“They’re not working properly”, says Mahmoud Metwaly, a sub-officer, “When you have a [misfiring] weapon it’s like it doesn’t exist. I’m not asking for everything. I just want the minimum.”
Mr. Adawy waves his hand at the boxes of bullets that litter his desk. “This city is full of thugs,” he says. “This ammunition is not for demonstrators, it is for people who we know will be coming to the station.”
Do police need protection too?
The officers also want legal protection from prosecution for harsh tactics they consider essential to do their job. They say their ability to work is being stymied by fears that a single misstep might result in a jail sentence.
But two years on from Egypt’s revolution, the judiciary maintains the feeblest of records when it comes to prosecuting police for killing or injuring demonstrators. Last week, Mohamed el-Shenawy, known as the “Eye Sniper of Cairo,” became only the third police officer to be jailed for attacking demonstrators since January 2011.
Mr. Shenawy is accused of intentionally blinding demonstrators with his shotgun, an act that el-Sharq’s officers believe should be afforded immunity under their proposed law. They believe that they should be afforded leeway to use a higher degree of force when defending state institutions.
“We believe that anyone acting illegitimately should be charged,” emphasizes Metwaly, “but Mohamed el-Shenawy was defending a very important institution: the interior ministry.”
The policeman’s case came to light through YouTube footage that showed him firing at protesters during several days of violence in a street near Cairo’s interior ministry in November 2011. The officers believe that Shennawy’s prosecution proves that the current legal framework protecting police is insufficient, and argue that Shennawy’s actions were justified as they took place one street away from their ministry’s headquarters.
“Before people criticize us for using force against demonstrators, they must stand with us on the other side of the line,” says Ahab Kamel, a sub-officer in Port Said’s police force. “Thousands of people are attacking us.”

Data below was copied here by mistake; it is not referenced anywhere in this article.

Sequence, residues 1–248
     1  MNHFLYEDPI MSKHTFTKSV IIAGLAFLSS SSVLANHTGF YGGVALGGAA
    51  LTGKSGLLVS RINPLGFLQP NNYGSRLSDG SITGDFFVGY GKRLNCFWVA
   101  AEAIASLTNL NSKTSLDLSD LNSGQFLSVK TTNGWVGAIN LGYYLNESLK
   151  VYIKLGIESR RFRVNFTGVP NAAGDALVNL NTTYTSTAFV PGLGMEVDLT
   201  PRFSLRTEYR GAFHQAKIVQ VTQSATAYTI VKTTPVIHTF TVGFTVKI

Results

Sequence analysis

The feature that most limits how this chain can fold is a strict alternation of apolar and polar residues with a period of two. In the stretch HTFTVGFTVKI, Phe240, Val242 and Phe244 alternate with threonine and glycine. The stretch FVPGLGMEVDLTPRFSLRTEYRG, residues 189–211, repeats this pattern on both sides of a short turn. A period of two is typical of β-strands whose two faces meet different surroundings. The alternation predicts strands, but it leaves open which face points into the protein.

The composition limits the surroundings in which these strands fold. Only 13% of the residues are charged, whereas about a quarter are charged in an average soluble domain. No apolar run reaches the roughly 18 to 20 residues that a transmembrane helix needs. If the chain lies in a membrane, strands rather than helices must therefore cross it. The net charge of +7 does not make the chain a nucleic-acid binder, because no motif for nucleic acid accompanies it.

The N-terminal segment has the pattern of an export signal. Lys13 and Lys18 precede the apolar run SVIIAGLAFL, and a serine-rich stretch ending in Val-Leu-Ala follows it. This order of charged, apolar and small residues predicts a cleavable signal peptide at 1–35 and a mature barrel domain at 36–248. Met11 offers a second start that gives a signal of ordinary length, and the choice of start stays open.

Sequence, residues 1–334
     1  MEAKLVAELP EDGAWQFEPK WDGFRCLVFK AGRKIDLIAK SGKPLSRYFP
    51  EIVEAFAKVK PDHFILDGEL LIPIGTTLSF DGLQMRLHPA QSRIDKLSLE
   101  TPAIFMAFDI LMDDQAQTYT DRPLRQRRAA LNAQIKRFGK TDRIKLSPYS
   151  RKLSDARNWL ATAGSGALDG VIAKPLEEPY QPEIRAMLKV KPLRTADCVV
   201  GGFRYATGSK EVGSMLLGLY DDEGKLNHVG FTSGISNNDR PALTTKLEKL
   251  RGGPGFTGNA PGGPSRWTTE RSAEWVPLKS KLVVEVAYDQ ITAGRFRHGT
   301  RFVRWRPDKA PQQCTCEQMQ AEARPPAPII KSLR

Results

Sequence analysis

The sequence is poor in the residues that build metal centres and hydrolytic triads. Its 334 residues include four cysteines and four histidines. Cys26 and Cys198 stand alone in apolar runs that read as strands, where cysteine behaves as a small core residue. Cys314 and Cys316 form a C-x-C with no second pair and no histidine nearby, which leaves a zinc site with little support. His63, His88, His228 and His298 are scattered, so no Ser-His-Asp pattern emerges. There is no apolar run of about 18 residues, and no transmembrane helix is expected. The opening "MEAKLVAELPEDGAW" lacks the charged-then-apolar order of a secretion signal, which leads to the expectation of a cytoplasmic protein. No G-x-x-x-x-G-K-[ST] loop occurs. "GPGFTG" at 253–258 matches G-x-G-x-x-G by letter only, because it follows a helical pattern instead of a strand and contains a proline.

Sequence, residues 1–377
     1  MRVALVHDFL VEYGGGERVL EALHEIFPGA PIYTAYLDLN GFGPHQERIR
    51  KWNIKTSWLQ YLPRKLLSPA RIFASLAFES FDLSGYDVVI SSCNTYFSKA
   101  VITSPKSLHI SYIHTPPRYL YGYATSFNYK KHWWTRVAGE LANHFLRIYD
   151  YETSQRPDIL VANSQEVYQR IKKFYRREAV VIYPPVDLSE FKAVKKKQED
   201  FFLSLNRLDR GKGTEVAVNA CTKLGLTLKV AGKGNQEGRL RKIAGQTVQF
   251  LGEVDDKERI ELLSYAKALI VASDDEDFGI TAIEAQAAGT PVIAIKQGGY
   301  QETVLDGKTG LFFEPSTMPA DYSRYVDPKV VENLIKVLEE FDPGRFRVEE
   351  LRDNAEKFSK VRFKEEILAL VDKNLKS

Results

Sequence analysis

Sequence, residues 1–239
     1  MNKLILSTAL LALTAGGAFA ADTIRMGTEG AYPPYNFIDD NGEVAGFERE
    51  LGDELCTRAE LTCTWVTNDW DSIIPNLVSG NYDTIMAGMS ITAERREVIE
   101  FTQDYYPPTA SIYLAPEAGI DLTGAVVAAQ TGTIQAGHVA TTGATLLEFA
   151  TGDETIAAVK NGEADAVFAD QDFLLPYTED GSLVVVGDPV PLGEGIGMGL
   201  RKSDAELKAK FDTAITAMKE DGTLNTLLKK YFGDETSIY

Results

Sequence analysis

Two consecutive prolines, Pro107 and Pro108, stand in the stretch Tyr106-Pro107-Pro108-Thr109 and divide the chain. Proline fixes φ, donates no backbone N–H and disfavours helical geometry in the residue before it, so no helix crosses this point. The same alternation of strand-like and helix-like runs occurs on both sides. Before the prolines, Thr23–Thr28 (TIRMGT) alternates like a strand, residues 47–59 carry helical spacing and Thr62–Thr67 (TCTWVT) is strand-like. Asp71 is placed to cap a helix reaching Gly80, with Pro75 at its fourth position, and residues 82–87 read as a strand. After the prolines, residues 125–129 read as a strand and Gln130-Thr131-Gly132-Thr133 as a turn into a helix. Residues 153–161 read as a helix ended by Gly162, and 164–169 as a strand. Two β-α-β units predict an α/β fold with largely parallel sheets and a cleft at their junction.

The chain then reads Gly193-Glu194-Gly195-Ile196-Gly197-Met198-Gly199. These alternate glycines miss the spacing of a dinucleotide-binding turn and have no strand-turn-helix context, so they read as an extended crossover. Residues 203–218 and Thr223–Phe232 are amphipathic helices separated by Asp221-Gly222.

The Army steps in
As the strike gathers momentum, draining the government of security manpower on the streets, Morsi has ordered their full withdrawal from Port Said’s streets and called on the Army to step in.
Announcing news of the police’s withdrawal to crowds gathered outside the city’s security directorate, Brig. Gen. Ahmed Wassefy was greeted with chants of “the Army and the people are one hand.” Despite a troubled stint in power after the fall of former dictator Hosni Mubarak, Egypt’s military commands a far higher level of respect than the police, and is viewed by many as a symbol of national pride.
According to Robert Springborg, an expert on Egyptian military affairs at the Naval Postgraduate School in California, the military’s response to the request to contain protests will be more mixed.
“The military has never wanted to be in the crowd control business, nor do they want to be seen as taking orders from President Morsi,” says Professor Springborg. “But there are no other institutions with the authority to step in.”
Because the Army’s budget and leadership are autonomous, it is in a strong enough position to assert independence from the government – even as they accept its request to deploy on the streets of Port Said, Springborg says.
Meanwhile, Egyptian police are increasingly reluctant to even acknowledge their job in public. Back inside the beleaguered el-Sharq station, Adawy looks hounded as he reflects on his decision to stop wearing police uniform.
“As an officer today, I have zero-self esteem. I am hiding that I am an officer wherever I go.”